Stitching together

When a group of women get together, pull out their knitting needles and begin working them, it’s likely that something more than what is on the needles will take shape.

If they are sitting in anything resembling a circle, a certain kind of intimacy and conversation will emerge. As that rhythmic wrapping of yarn gets underway, arms reaching up in the air every so often to unwind more, no subject, at least in my experience, is off limits; parents, children, work, men, news—and more. So it was at the knitting circle at Noble Neighborhood Library on a recent Thursday evening.

"I just make squares," said Frances Dostal, 81, of East Cleveland, knitting a lovely burgundy one with a bit of a pattern in it. "Thirty-six, seven-by-nine-inch pieces and then Trudy makes them into a quilt. We give them away." These handmade things are given to someone in need, such as in hospice or through a local church.

Trudy Fischer, 86, is across the table, and as I watch and listen, I sense that she is one of the mainstays. She is working on a sock and she shows me the one she has completed. I admire the perfect heel. I have made three or four pairs and have yet to achieve a heel that looks that good.

The women meet at 6:45 p.m., on the first and third Thursdays of the month, in the Children’s Room, amid the energy and liveliness of the little ones. But the talk is coming mostly from the knitters.

Alicia Evans has come for the first time and her daughters, five and three, are playing across the room. A woman at the end of the table is helping Alicia learn to knit. "You’re going OK," she said as she inspects her stitches. The teacher, Norma Boucher, turns out to be Trudy’s daughter.

Head librarian Jo Ann Vicarel and Norma started the group six years ago. More than a dozen women are attending, some spilling over to the next table where Joan has brought knitting magazines to browse through. One is making a fabulous, thick crocheted bag of many colors that can also be used as a knapsack. Another has made two small crocheted owls for her daughter.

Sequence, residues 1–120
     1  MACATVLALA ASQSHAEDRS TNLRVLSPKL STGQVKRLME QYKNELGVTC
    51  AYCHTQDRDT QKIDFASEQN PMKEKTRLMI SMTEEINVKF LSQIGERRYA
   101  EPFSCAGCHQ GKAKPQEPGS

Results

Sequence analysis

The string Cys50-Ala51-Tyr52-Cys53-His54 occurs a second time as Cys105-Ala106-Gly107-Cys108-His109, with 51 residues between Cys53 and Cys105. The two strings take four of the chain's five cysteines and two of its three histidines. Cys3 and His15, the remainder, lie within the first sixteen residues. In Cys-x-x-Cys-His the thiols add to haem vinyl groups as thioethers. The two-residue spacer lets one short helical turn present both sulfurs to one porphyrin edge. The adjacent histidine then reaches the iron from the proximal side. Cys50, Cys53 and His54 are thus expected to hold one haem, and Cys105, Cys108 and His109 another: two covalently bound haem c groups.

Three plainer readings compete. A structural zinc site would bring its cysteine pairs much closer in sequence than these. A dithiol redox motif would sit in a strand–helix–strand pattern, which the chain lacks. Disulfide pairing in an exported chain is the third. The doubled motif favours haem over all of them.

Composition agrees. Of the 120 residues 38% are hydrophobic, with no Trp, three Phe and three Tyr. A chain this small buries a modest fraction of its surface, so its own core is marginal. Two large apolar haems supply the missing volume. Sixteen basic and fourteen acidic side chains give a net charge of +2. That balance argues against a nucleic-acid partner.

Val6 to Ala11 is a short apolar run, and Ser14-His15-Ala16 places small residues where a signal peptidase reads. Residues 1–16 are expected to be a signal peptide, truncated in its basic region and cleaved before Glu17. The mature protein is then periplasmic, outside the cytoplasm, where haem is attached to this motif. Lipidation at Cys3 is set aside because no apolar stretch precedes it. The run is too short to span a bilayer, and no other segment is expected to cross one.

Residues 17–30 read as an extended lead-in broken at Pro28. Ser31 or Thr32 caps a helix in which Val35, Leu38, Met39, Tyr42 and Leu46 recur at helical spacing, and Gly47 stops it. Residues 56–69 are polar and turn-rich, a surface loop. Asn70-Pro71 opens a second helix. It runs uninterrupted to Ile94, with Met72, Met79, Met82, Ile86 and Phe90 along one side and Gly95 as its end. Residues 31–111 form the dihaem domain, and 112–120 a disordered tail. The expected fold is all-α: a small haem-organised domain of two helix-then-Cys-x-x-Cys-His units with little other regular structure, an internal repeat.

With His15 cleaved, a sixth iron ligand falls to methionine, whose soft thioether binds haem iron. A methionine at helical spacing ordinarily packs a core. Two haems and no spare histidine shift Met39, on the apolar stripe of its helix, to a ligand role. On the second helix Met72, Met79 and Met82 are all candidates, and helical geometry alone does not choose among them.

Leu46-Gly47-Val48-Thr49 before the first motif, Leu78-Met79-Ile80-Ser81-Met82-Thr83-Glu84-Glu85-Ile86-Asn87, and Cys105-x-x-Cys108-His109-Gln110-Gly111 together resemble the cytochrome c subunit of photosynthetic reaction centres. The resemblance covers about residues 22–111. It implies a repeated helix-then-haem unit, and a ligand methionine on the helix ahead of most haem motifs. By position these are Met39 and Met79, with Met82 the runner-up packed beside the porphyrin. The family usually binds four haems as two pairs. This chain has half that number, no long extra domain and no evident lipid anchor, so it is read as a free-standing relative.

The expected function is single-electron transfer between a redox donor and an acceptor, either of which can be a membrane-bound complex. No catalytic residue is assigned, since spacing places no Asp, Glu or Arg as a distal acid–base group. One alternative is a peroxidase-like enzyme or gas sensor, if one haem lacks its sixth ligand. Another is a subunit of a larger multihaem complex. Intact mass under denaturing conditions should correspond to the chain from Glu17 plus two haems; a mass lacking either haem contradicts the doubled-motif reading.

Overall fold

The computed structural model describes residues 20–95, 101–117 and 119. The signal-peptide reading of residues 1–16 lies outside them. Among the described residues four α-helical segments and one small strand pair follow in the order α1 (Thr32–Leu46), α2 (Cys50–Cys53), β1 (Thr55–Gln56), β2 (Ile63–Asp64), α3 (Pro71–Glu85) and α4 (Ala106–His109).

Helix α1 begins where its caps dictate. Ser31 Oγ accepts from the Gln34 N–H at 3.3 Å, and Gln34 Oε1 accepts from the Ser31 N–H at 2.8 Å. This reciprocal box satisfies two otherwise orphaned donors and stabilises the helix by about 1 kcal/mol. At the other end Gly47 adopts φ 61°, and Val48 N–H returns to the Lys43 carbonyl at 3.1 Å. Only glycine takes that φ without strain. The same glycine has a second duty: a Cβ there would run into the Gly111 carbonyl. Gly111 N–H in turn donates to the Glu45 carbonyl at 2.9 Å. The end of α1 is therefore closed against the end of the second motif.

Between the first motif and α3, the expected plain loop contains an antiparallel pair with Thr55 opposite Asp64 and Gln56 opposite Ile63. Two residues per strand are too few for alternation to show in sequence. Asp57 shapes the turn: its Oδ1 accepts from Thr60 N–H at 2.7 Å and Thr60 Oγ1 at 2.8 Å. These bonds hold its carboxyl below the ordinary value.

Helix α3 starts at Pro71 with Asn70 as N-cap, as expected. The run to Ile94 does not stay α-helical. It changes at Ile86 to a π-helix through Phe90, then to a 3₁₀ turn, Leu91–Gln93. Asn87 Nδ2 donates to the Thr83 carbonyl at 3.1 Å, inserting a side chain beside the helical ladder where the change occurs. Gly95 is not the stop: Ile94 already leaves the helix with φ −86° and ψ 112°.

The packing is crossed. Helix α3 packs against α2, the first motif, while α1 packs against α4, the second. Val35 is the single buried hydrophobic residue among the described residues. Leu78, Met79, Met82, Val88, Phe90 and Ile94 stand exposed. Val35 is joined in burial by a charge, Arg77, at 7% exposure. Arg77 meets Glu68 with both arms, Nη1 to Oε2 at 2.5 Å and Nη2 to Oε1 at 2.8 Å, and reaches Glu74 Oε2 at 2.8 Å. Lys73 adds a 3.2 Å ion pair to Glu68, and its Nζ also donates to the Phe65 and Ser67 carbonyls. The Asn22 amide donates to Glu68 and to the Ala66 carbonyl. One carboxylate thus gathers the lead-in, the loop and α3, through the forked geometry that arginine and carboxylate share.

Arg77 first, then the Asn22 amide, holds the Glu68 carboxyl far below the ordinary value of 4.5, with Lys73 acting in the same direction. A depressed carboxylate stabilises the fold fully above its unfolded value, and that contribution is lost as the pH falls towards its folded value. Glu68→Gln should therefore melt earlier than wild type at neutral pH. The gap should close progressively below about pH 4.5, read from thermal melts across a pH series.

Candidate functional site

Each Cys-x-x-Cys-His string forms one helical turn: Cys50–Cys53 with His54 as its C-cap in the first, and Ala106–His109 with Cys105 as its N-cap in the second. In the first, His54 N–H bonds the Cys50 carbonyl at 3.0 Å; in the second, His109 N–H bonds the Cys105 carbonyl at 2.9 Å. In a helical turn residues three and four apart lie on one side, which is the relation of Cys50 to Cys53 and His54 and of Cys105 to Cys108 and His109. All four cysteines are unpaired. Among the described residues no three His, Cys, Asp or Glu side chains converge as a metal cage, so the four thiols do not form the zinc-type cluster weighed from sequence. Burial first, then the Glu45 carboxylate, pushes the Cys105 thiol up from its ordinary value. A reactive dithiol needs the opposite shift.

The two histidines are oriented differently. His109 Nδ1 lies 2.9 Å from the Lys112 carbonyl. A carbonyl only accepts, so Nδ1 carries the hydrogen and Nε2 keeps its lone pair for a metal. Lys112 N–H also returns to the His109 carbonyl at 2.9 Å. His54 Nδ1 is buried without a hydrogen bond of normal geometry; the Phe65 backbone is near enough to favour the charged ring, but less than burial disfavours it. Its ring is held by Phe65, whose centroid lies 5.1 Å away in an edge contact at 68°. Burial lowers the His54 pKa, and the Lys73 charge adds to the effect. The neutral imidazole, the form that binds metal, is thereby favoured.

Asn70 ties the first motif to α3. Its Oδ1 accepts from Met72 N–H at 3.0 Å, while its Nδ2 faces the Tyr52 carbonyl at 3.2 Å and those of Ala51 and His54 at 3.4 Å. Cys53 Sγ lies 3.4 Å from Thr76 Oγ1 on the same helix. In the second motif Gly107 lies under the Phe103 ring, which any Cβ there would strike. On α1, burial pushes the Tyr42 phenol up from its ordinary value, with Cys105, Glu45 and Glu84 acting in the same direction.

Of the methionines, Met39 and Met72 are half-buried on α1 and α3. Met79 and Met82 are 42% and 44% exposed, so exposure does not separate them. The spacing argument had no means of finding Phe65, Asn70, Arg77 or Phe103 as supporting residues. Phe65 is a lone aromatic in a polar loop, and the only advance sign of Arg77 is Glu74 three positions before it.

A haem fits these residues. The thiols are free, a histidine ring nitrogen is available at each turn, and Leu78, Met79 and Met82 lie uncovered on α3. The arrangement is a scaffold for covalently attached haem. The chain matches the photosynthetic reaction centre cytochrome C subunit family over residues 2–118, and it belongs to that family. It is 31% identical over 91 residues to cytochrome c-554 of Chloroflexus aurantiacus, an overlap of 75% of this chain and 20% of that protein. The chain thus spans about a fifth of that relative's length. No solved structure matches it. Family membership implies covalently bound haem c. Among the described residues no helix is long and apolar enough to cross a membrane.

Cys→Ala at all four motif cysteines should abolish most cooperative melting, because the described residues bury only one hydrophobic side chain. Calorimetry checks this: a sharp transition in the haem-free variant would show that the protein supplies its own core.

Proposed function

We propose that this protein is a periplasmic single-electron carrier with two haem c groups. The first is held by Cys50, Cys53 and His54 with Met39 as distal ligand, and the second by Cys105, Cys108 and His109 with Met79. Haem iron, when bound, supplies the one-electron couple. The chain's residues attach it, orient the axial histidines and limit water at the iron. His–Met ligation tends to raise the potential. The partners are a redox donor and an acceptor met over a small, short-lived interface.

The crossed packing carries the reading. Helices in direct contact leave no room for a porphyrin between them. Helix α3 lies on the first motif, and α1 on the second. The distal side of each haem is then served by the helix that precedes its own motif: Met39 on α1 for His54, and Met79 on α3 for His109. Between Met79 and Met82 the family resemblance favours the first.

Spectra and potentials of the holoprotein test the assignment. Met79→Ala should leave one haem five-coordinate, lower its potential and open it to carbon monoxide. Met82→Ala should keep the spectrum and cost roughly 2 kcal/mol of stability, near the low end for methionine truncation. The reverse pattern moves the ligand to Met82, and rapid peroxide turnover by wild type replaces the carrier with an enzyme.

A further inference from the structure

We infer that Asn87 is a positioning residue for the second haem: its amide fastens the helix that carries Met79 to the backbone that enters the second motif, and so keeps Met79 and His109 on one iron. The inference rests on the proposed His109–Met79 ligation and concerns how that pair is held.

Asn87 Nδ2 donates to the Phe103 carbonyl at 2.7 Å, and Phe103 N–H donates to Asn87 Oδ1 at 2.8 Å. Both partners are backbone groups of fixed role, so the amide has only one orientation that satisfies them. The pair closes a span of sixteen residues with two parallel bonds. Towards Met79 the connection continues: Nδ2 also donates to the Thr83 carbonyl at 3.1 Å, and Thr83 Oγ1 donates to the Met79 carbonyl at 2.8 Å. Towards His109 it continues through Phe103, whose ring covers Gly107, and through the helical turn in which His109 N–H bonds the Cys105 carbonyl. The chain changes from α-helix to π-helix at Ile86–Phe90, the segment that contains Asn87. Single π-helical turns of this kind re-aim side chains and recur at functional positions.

"People come for the companionship . . . and for helping others," said Marcy Schmidt, who is knitting an elegant top with a delicate yarn. Frances Dostal added, "People have a need for this. It is creative and we are so mechanized."

It becomes quiet for a while. The women are all knitting. No one seems to feel the need to speak, or even make eye contact with each other. Then the conversation goes to the churches that are closing. "It’s hard to know which one to go to," someone says. A few comment, then back to quiet.

Knitting can take you to a place within yourself, a place of peace—and connection. Hands are moving and creating; you can listen, speak or be silent. There’s a particular kind of sisterhood in such a group, an oasis. It is bound together by the admiration of one another’s work, the sharing of ideas and skills, making warm beautiful things for yourself, loved ones or for those in need.

Knitting can be private and often solitary, and so in 2005, something called Worldwide Knit in Public Day was created. This year it will be held on any day between June 12 and 20. On Saturday, June 12 from 1–3 p.m., Worldwide Knit in Public Day will be celebrated at the Noble Neighborhood Library. Knitters will gather on the lawn in front of the building. Bring your knitting and a lawn chair

Eleanor Mallet’s column, "A Heights Observer," explores the nooks and crannies in the Heights. She can be reached at

Worldwide Knit in Public Day

Saturday, June 12, 1–3 p.m.

Noble Neighborhood Library, 2800 Noble Road

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Volume 3, Issue 6, Posted 1:38 PM, 05.18.2010